Introduction to Algorithms: Test

Paul Taylor

26 February 2001

You have 90 minutes.
Calculators are NOT allowed.
There are rather a lot of questions on this test paper, and you are not expected to be able to do all of them. Just do as many as you can.
The later parts ((f), (g), (h), ...) of each section (1, 2, 3, ...) are more difficult than the earlier ones. If you get stuck, move on to the next section.
Full credit (15/15) will be awarded for considerably less than the entire paper, depending on the distribution of marks from the whole class.
Warning: The "dry run" questions (where you are asked to simulate the algorithm on paper) will take you quite a long time, but not gain you marks in proportion to this time. You should read quickly through the other questions before starting these, and skip them if you feel reasonably confident of scoring marks elsewhere.

1  Sorting algorithms in general

(a) In order to justify calling a method a "sorting" algorithm, its result or output must, of course, be in (non-strictly) ascending order. What other property must the method satisfy? Write your answer in English, not formal logical, mathematical or programming language; there is one significant word.
(b) Briefly describe in English a method whose output is in ascending order, but which fails this condition and is therefore not a sorting algorithm. Make it as simple as possible.
(c) List the sorting algorithms that have been discussed during the course, in order of the time that they take to sort large arrays, fastest first.
(d) Based on your observations during labs of the algorithms built in to the TESTER, what is the largest unsorted array of integers that the fastest of the algorithms could sort in one minute. Your answer should be a power of 10: 10, 100, 1000, ...
(e) What is the largest unsorted array that the slowest algorithm could sort in one minute?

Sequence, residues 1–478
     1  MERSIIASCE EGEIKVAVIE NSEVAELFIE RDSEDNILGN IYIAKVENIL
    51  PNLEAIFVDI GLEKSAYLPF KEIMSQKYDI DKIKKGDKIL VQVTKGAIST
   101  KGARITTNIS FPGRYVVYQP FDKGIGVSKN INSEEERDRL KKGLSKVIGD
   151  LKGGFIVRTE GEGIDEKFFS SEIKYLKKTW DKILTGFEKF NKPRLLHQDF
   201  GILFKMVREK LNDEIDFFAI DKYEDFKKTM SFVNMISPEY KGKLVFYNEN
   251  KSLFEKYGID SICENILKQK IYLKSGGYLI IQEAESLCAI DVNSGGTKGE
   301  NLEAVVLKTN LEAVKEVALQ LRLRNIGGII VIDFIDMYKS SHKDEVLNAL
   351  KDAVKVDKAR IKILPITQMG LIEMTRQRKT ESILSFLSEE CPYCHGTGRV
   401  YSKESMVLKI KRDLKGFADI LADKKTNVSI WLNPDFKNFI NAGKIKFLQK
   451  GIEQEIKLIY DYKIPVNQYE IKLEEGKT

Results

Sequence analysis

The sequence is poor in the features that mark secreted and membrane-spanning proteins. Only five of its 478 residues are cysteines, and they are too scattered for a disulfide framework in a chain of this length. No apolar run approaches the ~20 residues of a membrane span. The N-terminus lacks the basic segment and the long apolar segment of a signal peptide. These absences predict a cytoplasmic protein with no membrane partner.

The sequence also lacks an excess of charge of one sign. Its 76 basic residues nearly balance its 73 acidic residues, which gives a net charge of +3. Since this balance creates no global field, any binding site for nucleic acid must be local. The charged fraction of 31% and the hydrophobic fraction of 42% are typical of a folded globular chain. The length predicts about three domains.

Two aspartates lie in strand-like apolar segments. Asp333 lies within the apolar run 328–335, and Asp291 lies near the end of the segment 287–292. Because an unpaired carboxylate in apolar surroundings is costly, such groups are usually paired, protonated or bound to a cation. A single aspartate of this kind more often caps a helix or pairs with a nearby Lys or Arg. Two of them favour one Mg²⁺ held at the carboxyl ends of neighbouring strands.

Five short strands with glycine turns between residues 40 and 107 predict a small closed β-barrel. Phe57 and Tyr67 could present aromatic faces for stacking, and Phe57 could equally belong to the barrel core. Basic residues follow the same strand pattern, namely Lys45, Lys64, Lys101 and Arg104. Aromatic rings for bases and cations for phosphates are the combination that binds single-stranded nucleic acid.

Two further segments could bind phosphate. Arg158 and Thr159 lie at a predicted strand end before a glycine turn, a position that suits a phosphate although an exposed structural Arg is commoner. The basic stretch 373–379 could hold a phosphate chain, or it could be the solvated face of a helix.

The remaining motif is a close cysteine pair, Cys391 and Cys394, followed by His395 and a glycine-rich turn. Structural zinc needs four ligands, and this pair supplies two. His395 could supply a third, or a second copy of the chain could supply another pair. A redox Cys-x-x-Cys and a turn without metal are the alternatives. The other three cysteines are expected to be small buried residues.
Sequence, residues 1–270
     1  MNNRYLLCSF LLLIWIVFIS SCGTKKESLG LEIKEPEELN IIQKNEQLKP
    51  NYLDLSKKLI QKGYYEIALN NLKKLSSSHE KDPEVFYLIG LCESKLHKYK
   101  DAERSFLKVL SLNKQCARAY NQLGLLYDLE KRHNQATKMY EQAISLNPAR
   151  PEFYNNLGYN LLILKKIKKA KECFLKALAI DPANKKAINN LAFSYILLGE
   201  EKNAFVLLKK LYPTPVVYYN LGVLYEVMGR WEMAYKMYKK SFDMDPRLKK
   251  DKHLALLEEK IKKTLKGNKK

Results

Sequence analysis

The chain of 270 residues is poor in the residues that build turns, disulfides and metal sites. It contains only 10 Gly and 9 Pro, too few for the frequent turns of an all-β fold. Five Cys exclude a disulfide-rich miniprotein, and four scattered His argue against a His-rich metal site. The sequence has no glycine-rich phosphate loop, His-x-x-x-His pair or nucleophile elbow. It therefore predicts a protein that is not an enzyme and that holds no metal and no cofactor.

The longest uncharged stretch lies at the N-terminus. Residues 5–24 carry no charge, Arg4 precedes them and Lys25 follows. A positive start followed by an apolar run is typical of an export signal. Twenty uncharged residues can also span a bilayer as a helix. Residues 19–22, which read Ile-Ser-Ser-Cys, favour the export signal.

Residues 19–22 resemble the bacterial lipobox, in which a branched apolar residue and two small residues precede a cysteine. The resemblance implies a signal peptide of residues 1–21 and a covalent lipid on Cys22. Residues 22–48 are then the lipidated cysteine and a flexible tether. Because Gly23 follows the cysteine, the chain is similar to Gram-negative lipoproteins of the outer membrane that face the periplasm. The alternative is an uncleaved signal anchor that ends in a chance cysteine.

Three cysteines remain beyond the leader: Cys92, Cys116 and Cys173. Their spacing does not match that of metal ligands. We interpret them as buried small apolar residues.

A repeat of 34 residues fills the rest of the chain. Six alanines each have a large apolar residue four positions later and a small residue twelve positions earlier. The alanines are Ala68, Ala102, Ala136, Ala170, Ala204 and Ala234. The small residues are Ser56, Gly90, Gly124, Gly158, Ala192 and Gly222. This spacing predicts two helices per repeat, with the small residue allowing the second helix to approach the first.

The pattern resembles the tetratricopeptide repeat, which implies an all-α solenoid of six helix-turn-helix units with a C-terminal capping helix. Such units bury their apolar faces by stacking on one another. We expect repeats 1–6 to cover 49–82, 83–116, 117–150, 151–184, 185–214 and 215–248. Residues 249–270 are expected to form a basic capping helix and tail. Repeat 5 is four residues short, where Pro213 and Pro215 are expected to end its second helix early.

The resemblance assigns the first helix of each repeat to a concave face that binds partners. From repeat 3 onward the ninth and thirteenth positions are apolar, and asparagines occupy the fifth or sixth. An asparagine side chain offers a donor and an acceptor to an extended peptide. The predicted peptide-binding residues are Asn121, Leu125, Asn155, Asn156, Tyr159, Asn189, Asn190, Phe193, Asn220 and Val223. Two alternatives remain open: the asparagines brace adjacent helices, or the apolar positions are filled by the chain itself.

(f) What is the largest unsorted array that the fastest algorithm could sort in 100 minutes? Your answer will be judged by whether it is consistent with your answer to (d).
(g) What is the largest unsorted array that the slowest algorithm could sort in 100 minutes? Again, it is consistency with (e) that matters.
(h) Most of the algorithms work in place, i.e. by rearranging the given array without using additional scratch space. Which one does need additional scratch space, and why?
(i) You have found on the Internet a JAVA method that begins
    public int[] hp_srt (int [] A) {
so you try it out on some arrays of length 1000, 2000, 3000, 4000 filled with random numbers. Repeating the test many times with new random numbers, you find that it consistently returns in 1, 2, 3 and 4 milliseconds respectively. Without looking at either the code or its output, on what basis can you deduce that hp_srt is almost certainly not a sorting algorithm?

2  Insertion sort and bubble sort on almost sorted data

Be careful to emphasise the distinctions between your answers to parts (a) and (f), and also amongst (e), (f), (h) and (i).
(a) State, in one English sentence, the idea of insertion sort.
(b) Insertion sort takes about 150 microseconds to sort a random array of length 100. How long would you expect it to take to sort into ascending order an array of length 100 that was reverse sorted, i.e. given in descending order?
(c) How many seconds would you expect it to take to sort a random array of length 10000?
(d) Suppose that insertion sort is given the following array
1, 2, 4, 5, 6, 7, 8, 3, 9
which has one small value out of place amongst otherwise sorted data.
Describe the steps that insertion sort executes on this array, using the notation: State how many comparisons and assignments are made.
(e) Using the same notation, describe what insertion sort does with
1, 2, 8, 3, 4, 5, 6, 7, 9
where there is just one large value that is mis-placed among the small ones.
(f) State, in one English sentence, the idea of bubble sort.
(g) What does bubble sort do with the following array?
1, 2, 4, 5, 6, 7, 8, 3, 9
Use the following notation: State the total number of comparisons and assignments.
(h) Using the same notation as in (g), describe what bubble sort does with the following array?
1, 2, 8, 3, 4, 5, 6, 7, 9
(i) Insertion sort is very fast when it is given an array that is already sorted in ascending order but contains repeated values. What design decision must be made in its implementation to reduce to the absolute minimum the work that it does in this case?
(j) In what way does the time taken by insertion sort to sort an almost sorted array depend on the number or the percentage of displaced values? Explain these result in the light of the answers to the questions above.

3  Binary search

The rest of the questions on this test paper are based on the following (correct) JAVA code for binary search. Notice that one of the lines is "commented out"; it will be discussed in Question 5.
   int search (int[] array, int seek) {
      int bot = -1;